Annuity

An annuity is a contract made with an insurance company where you contribute a lump-sum payment or series of payments and in return receive guaranteed regular payments. Annuities are usually used for retirement income and come in three varieties: fixed, variable and indexed. An annuity that starts payments immediately is called an immediate annuity. Annuities beginning on a predetermined date in the future are called deferred annuity.

Segregated Funds

Segregated funds are set by an insurance company as a pooled investment and is segregated from the general capital of the company. Unlike a mutual fund, a segregated fund guarantees a minimum percentage (75%-100%) of the investor’s contributions will be returned at the time of maturity regardless of fund performance. Segregated funds also protected from creditors: if you face a lawsuit of bankruptcy, your segregated funds are still guaranteed. You may also use segregated funds to bypass estate and probate fees.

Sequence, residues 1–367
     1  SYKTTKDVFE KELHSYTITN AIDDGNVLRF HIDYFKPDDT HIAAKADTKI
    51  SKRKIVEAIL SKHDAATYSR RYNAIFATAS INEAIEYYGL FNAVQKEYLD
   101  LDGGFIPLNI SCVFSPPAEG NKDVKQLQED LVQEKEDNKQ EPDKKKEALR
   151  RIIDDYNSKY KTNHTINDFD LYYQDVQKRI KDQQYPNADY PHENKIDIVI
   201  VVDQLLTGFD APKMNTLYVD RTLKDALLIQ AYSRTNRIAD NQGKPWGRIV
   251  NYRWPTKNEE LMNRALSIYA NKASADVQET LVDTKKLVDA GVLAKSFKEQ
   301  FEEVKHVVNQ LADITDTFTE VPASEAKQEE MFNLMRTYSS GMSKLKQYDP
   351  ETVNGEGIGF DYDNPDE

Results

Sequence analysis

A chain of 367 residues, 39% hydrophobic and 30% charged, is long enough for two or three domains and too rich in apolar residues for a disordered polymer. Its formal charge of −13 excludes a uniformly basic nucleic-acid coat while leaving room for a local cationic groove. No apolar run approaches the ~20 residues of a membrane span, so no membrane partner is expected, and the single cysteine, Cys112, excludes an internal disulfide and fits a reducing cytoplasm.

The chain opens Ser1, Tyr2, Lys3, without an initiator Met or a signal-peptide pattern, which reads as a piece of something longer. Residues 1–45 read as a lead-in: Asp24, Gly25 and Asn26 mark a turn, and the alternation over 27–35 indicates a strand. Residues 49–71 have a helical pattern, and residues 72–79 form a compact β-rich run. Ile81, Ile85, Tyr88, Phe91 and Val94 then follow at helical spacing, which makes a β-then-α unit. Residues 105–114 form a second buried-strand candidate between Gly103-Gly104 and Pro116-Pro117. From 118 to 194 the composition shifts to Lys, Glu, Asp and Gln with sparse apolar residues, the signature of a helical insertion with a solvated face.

Stocks & Bonds

A stock is a unit of ownership in a company purchased and sold in the stock market, also known as shares or equities. Bonds are certificates you receive for a loan you give to an issuer (government or company). In return, the issuer of the bond will pay you interest at a set rate and promises to repay the loan by a set date. Stocks and bonds require much more time and research to buy and trade in the markets.

Guaranteed Investment Certificate (GIC)

If you are looking for a low-risk investment, a GIC might be right for you. Your invested capital is protected in a GIC so you don’t need to worry about fluctuating markets. As long as your money remains invested for the decided term (6 months, 1 year, 2 years, etc.), you are guaranteed a specific amount of interest (either fixed or variable) on your contribution.

Exchange Traded Fund (ETF)

Exchange traded funds hold assets as an investment funds. Their value fluctuates daily as they are traded on stock exchanges. ETFs can be selected at varying risk levels to suit your risk tolerance.

Mutual fund

A mutual fund is a type of investment in which the money of a group of investors is pooled together to buy a portfolio. The money is invested in a combination of stocks, bonds, options, money market instruments or other securities. Mutual funds are managed by finance professionals.